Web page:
Sarah Blinco on the power of applying ‘appreciation’ in our relationships
The topic of ‘male sympathy’ came up at a tipsy little dinner party I was at recently. Or rather, the lack of it was discussed. You know, at those times when you could do with a smile, supportive nod and ‘yup, I agree with you darl’, kind of response. When you’ve had a rubbish day at work, or a family member is being ‘trying’, or you really should have avoided Facebook…
Instead, men often launch into a speech that comes across as a lecture and, to my original point, unsympathetic to our situation.
After spending the best part of 19 years with my man, I’ve come to realise that it’s not intentionally an uncaring response. In fact, it’s usually his way of trying to help or problem-solve for me. Problem is, we can usually manage whatever the challenge is. Really, we girls want a hug, nothing more − no advice or input, just an agreeable (sympathetic) ear.
I thought this behaviour was only a trait of my man’s, until my friend, Nicole, brought up the same issue. In this instance however, she praised her hubby, for “doing good” during a conversation they’d had the night before. Rather than try to counsel her about a work ‘situation’, he was empathetic and listened well.
We ooh’d and ahh’d about what a step forward it was, but then Nic’s hubby finally confessed with a nervous laugh that he “knew what was good for him”. Another bottle of bubbly popped open and we giggled about it all, letting our boys off the hook. We gals had to admit taking things the wrong way [occasionally!].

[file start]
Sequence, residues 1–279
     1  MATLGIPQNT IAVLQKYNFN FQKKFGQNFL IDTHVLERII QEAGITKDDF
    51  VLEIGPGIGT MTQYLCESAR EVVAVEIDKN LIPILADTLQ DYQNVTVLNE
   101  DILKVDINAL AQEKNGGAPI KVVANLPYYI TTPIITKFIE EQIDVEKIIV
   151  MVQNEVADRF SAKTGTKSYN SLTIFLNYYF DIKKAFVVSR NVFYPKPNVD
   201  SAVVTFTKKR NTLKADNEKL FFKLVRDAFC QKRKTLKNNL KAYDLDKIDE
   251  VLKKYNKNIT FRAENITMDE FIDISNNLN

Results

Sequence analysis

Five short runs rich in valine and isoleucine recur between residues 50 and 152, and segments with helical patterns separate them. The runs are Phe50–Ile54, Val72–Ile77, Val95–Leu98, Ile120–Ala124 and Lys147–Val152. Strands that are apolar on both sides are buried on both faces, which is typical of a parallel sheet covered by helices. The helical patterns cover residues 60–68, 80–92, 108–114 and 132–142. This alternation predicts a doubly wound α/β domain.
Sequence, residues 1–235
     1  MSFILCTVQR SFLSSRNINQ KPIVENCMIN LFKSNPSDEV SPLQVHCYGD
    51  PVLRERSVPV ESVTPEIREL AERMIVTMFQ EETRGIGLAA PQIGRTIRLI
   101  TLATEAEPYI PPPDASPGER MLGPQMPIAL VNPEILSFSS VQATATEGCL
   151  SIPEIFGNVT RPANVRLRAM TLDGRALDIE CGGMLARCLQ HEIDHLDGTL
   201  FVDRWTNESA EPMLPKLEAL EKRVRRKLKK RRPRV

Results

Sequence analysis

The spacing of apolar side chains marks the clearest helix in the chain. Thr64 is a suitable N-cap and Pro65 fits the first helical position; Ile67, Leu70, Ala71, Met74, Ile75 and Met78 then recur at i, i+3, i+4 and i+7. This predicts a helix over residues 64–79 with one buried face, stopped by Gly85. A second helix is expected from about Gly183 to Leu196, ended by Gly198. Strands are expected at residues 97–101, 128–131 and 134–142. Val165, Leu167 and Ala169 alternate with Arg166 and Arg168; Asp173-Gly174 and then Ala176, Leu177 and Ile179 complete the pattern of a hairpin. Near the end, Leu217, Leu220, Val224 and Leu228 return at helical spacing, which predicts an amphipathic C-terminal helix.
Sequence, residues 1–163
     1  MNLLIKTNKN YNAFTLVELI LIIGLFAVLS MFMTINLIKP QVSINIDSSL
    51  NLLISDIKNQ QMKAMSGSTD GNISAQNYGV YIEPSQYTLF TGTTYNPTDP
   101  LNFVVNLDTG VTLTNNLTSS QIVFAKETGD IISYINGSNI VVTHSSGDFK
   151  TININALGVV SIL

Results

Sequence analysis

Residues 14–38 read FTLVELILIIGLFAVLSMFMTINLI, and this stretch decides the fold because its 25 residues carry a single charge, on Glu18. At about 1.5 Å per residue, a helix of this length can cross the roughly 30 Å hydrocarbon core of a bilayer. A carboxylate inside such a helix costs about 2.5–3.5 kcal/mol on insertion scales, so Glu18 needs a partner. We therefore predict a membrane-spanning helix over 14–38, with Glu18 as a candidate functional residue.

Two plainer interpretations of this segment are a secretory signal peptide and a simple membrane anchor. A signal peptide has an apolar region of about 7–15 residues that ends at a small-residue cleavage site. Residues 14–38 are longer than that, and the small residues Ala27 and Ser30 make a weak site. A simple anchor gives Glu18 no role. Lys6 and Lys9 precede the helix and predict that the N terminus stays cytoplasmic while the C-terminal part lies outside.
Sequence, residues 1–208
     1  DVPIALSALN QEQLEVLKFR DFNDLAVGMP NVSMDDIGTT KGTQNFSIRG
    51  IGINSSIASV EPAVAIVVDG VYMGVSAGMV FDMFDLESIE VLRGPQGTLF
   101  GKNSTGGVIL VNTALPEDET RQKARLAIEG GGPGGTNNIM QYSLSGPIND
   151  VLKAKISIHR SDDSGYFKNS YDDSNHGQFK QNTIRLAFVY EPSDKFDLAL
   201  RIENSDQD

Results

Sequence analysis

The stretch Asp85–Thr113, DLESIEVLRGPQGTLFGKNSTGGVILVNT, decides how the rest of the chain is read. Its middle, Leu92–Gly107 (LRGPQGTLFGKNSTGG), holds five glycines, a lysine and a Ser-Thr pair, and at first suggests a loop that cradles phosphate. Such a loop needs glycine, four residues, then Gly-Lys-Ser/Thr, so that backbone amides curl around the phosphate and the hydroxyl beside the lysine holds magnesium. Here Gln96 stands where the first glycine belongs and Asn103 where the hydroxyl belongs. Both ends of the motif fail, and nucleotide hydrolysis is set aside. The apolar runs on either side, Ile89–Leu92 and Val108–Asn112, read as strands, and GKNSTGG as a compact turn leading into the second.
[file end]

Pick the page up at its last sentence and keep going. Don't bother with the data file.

The conversation got me thinking though. As we grow older, we learn more about the wide and varying ways language differs between the sexes, whether that be communication between lovers, family or friends. We’ve all experienced the impact of communication break-downs – the consequences are dire. Sad thing is, usually each person in the scenario means well, but we get caught up in our own perspectives.
It’s easy to focus on annoyances or pet peeves when things are feeling low. I do know, from experience, and I’m aware that problems tend to amplify from there, especially if we fail to stop, step back, and clarify misunderstandings. I’ve learnt to take responsibility for my own responses if I realise I’m tired, over-worked and overwhelmed – or if I’m aware I’ve ‘gone silent’.
How to counteract focussing on your partner’s idiosyncrasies, then? Count the good things – announce what you appreciate about your partner. It’s just as easy to turn a negative (“he’s unsympathetic”) into a positive (“he is trying to help”); flip the switch and get back to happy. Which is where the theme of this February issue wants us all to be.
Taking a lesson from my mate, Nicole, I’ve chosen to spotlight my man’s positives; to keep a little list mentally handy. He deserves it. Even if your partner is in the proverbial ‘naughty corner’ at this very minute, I’m hopeful that your list will be substantial too, once you get thinking about it.
Of course, while I’m highlighting how we can make our relationships happier, let’s not forget this all starts within ourselves. We do tend to be our own worst critics. I propose taking two minutes each day to count the ways you rock. Write it down, be unapologetic and proud, revel in the numerous ways that you are awesome – because don’t misunderstand me here, you are!
Here’s to choosing ‘love’ this month, and always.